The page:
Objectives: The aim was to investigate whether 2 weeks of inspiratory muscle training (IMT) could preserve respiratory muscle strength in high-risk patients referred for pulmonary resection on the suspicion of or confirmed lung cancer. Secondarily, we investigated the effect of the intervention on the incidence of postoperative pulmonary complications.
Methods: The study was a single-centre, parallel-group, randomized trial with assessor blinding and intention-to-treat analysis. The intervention group (IG, n = 34) underwent 2 weeks of postoperative IMT twice daily with 2 × 30 breaths on a target intensity of 30% of maximal inspiratory pressure, in addition to standard postoperative physiotherapy. Standard physiotherapy in the control group (CG, n = 34) consisted of breathing exercises, coughing techniques and early mobilization. We measured respiratory muscle strength (maximal inspiratory/expiratory pressure, MIP/MEP), functional performance (6-min walk test), spirometry and peripheral oxygen saturation (SpO2), assessed the day before surgery and again 3-5 days and 2 weeks postoperatively. Postoperative pulmonary complications were evaluated 2 weeks after surgery.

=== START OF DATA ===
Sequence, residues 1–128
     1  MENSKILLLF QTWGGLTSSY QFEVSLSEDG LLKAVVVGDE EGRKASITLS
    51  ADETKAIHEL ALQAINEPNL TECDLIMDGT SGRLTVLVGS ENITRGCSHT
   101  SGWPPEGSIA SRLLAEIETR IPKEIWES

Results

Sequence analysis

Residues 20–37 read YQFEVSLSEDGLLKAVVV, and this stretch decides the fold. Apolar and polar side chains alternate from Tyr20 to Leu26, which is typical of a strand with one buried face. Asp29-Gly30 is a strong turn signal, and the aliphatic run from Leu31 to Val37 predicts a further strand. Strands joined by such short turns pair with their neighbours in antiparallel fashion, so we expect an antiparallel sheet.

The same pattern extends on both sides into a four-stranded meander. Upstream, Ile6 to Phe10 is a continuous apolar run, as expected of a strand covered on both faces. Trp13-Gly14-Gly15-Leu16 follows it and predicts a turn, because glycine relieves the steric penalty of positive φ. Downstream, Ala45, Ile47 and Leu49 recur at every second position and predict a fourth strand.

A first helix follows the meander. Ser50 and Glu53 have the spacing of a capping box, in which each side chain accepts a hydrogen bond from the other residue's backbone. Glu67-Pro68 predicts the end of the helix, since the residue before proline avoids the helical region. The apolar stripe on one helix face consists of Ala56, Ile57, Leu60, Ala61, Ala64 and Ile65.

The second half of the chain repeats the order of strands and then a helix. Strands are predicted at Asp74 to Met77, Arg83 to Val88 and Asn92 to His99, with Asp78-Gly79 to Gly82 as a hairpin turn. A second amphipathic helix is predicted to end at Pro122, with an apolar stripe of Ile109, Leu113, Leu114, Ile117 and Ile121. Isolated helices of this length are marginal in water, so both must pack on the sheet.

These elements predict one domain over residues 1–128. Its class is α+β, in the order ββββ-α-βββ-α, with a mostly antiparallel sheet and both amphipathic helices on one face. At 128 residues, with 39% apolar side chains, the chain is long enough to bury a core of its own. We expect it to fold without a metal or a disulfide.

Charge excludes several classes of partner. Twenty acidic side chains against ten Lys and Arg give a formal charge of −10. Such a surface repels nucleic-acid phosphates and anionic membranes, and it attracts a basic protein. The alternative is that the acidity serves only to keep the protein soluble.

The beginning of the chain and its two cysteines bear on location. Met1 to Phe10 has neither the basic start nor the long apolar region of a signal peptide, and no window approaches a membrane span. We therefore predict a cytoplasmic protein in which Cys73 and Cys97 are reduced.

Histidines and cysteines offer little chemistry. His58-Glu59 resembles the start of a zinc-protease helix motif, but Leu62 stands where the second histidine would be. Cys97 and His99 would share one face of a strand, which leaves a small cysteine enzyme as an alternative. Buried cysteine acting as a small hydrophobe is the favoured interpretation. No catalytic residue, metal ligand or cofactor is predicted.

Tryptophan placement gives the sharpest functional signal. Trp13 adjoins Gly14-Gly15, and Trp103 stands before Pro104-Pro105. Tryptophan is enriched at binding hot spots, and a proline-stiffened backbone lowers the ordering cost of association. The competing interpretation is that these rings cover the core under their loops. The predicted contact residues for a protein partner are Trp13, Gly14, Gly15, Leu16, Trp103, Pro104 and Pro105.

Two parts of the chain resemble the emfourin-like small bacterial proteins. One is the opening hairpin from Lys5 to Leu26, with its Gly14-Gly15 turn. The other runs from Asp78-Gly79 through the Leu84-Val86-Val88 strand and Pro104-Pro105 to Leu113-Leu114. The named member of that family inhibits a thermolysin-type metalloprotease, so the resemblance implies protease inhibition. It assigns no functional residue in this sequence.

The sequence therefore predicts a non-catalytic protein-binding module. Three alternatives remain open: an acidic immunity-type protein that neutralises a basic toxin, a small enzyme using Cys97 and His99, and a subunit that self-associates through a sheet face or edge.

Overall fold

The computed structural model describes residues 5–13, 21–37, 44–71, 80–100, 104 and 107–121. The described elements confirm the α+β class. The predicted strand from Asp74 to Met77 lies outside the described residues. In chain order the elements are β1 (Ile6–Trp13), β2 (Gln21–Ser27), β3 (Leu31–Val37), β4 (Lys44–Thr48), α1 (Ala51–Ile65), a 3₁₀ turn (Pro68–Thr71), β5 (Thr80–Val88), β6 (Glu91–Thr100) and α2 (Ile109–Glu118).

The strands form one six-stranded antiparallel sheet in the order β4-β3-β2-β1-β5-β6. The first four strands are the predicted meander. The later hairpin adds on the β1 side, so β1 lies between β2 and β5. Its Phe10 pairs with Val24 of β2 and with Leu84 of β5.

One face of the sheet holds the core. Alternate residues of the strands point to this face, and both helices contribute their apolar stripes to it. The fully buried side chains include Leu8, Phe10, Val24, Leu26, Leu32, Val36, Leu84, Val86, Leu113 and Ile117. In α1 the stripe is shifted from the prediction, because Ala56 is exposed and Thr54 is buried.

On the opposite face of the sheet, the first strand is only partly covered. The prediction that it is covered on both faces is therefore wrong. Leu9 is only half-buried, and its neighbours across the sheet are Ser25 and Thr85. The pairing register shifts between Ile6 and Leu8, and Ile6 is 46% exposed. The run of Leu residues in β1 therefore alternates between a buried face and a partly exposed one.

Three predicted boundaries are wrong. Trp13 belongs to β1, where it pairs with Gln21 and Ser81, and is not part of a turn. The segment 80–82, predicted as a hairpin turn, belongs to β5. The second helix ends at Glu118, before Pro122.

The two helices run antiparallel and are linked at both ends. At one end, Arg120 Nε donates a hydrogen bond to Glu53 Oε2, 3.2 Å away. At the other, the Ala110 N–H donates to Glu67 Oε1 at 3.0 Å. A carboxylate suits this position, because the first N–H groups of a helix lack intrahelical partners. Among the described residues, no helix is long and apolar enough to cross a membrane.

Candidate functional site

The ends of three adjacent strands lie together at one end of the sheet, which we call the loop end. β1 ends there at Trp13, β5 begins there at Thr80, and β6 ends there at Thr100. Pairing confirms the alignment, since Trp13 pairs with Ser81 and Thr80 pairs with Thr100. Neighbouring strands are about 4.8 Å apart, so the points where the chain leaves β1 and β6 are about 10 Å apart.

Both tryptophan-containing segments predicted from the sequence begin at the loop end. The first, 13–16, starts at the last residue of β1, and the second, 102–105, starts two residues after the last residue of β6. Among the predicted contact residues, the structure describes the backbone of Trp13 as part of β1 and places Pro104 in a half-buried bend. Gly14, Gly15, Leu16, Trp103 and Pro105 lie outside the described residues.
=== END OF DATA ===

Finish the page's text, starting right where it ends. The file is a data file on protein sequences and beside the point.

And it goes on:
Results: The mean age was 70 ± 8 years and 57.5% were males. Thoracotomy was performed in 48.5% (n = 33) of cases. No effect of the intervention was found regarding MIP, MEP, lung volumes or functional performance at any time point. The overall incidence of pneumonia was 13% (n = 9), with no significant difference between groups [IG 6% (n = 2), CG 21% (n = 7), P = 0.14]. An improved SpO2 was found in the IG on the third and fourth postoperative days (Day 3: IG 93.8 ± 3.4 vs CG 91.9 ± 4.1%, P = 0.058; Day 4: IG 93.5 ± 3.5 vs CG 91 ± 3.9%, P = 0.02). We found no association between surgical procedure (thoracotomy versus thoracoscopy) and respiratory muscle strength, which was recovered in both groups 2 weeks after surgery.
Conclusions: Two weeks of additional postoperative IMT, compared with standard physiotherapy alone, did not preserve respiratory muscle strength but improved oxygenation in high-risk patients after lung cancer surgery. Respiratory muscle strength recovered in both groups 2 weeks after surgery.
Clinical trialsgov id: NCT01793155.
Keywords: Inspiratory muscle training; Lung cancer; Physiotherapy; Postoperative; Pulmonary complications; Surgery.
© The Author 2015. Published by Oxford University Press on behalf of the European Association for Cardio-Thoracic Surgery. All rights reserved.